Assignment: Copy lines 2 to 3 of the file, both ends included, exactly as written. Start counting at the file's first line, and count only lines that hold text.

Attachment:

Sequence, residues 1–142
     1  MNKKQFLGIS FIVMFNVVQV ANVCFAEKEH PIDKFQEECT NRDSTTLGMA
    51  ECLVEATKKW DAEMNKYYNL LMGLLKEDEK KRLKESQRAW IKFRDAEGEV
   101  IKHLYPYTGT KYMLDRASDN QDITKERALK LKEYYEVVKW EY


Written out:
     1  MNKKQFLGIS FIVMFNVVQV ANVCFAEKEH PIDKFQEECT NRDSTTLGMA
    51  ECLVEATKKW DAEMNKYYNL LMGLLKEDEK KRLKESQRAW IKFRDAEGEV